Thursday, September 10, 2015

Here’s what stops more people from writing than anything else: shame. That creeping, nagging sense of ‘should be,’ ‘should have been,’ and ‘if only I had…’ Shame lives in the body, it clenches our muscles when we sit at the keyboard, takes up valuable mental space with useless, repetitive conversations. Shame, and the resulting paralysis, are what happen when the whole world drills into you that you should be writing every day and you’re not.

....Tied up in this mandate to write every day is the question of who is and isn’t a writer. The same institutions and writing gurus that demand you adhere to a schedule that isn’t yours will insist on delineating what makes a real writer. At my MFA graduation, the speaker informed us that we were all writers now and I just shook my head. We’d been writers, all of us, long before we set foot in those hallowed halls. We’re writers because we write. No MFA, no book contract, no blurb or byline changes that.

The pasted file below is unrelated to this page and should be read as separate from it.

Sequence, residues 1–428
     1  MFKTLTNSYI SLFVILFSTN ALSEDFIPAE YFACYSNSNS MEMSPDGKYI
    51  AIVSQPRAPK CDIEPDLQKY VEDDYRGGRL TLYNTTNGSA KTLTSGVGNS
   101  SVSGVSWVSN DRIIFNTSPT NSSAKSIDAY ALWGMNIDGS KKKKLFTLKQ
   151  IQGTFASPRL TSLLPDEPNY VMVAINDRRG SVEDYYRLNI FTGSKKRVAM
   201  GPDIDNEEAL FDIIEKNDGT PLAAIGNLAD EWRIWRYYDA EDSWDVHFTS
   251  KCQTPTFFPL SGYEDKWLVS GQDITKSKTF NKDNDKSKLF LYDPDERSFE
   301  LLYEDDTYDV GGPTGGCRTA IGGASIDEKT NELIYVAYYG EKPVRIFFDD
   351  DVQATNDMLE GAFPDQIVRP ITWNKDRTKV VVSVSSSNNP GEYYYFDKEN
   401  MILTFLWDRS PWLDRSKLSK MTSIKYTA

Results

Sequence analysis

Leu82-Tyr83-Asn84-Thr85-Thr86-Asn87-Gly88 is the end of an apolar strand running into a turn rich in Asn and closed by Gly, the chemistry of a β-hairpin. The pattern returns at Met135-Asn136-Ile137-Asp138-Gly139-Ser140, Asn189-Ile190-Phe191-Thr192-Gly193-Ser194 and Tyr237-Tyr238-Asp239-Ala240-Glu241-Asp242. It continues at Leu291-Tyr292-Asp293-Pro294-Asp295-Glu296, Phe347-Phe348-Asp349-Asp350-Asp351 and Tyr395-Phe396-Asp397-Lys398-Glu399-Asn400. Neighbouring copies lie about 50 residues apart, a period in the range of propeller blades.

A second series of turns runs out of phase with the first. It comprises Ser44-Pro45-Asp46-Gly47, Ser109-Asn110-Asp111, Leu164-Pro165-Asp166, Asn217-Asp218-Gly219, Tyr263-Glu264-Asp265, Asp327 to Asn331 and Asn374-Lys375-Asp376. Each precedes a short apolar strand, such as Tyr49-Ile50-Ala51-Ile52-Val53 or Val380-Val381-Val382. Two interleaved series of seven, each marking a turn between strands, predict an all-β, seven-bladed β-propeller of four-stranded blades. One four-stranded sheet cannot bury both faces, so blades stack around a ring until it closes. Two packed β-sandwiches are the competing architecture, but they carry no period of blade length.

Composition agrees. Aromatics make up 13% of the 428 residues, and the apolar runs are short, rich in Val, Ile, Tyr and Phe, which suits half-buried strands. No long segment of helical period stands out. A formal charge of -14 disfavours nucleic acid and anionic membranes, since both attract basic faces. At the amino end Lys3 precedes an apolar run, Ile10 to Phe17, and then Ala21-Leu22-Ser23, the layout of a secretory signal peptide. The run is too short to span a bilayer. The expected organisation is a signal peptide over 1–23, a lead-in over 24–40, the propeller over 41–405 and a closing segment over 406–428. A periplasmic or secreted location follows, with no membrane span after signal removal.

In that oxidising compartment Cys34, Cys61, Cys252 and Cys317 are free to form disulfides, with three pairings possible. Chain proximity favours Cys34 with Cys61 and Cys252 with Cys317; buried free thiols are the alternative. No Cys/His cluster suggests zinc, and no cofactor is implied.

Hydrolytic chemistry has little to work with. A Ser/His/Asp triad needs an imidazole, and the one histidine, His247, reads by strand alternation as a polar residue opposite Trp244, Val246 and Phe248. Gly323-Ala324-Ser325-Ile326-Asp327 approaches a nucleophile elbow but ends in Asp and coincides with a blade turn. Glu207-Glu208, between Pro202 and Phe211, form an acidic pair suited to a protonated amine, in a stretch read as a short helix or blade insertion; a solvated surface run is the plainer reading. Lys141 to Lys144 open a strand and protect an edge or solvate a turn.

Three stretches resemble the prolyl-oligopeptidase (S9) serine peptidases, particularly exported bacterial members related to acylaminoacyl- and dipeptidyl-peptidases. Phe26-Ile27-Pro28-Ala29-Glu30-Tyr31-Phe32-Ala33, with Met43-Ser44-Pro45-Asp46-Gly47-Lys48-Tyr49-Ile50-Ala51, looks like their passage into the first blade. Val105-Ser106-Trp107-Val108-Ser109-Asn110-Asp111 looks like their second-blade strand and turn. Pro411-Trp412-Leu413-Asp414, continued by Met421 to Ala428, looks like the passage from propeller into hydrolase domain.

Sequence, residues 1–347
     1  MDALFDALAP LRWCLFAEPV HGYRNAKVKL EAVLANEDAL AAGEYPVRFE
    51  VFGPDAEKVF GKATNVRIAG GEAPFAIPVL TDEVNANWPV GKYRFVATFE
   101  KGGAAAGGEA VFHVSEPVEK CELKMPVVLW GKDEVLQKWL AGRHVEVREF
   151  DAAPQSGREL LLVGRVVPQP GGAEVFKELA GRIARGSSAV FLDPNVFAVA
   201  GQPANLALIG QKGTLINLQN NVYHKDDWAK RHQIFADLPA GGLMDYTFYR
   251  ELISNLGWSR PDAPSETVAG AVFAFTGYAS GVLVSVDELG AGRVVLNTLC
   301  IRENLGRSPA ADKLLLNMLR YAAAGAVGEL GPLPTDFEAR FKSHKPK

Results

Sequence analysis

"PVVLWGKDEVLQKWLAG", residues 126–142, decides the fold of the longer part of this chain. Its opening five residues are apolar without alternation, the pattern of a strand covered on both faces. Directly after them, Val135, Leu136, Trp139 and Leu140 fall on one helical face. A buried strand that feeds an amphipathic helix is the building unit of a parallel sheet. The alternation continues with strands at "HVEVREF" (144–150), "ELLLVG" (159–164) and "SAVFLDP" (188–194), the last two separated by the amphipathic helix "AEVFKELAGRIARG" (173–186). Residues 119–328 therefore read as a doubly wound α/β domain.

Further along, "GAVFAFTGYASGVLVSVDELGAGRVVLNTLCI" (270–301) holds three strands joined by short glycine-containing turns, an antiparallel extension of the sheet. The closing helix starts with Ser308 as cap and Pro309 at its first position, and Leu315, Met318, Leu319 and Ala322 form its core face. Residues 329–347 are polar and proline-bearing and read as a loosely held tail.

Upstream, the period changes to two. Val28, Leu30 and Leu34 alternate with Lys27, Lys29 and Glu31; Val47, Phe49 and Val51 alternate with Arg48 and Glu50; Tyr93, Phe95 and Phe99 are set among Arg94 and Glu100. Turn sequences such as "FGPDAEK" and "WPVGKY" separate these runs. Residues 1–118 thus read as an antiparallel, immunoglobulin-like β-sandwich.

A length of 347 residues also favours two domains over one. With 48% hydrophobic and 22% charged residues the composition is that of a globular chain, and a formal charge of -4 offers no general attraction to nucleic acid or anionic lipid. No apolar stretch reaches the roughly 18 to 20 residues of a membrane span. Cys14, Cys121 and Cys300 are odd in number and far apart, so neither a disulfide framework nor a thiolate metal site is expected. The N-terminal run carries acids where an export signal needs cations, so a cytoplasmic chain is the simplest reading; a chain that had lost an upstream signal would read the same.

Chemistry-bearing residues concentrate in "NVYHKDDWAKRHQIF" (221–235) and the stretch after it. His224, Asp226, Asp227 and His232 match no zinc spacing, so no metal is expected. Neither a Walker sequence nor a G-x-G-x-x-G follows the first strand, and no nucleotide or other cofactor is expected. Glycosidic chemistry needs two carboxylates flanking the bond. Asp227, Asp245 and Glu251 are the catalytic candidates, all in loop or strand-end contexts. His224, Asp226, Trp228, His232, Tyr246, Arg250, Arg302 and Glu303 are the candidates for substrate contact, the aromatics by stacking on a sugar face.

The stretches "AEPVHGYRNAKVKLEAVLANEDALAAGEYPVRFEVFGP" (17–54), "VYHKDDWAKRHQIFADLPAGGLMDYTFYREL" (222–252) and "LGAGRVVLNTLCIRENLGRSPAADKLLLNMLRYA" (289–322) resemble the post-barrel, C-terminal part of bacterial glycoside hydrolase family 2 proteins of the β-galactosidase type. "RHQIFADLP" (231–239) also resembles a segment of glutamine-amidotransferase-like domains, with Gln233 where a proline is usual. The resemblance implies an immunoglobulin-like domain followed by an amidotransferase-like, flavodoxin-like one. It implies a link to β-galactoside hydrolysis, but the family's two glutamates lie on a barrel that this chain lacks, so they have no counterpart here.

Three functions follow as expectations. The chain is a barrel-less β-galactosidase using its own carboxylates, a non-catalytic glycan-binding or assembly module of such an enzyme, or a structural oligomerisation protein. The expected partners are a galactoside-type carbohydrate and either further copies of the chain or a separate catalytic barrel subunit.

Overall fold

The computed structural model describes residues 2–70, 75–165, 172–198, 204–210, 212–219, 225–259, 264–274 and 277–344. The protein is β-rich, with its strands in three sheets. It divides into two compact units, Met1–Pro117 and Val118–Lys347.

So if writing every day is how you keep your rhythm tight, by all means, rock on. If it’s not, then please don’t fall prey to the chorus of “should bes” and “If onlys.” Particularly for writers who aren’t straight, cis, able-bodied, white men, shame and the sense that we don’t belong, don’t deserve to sit at this table, have our voices heard, can permeate the process. Nothing will hinder a writer more than this. Anaïs Nin called shame the lie someone told you about yourself. Don’t let a lie jack up your flow.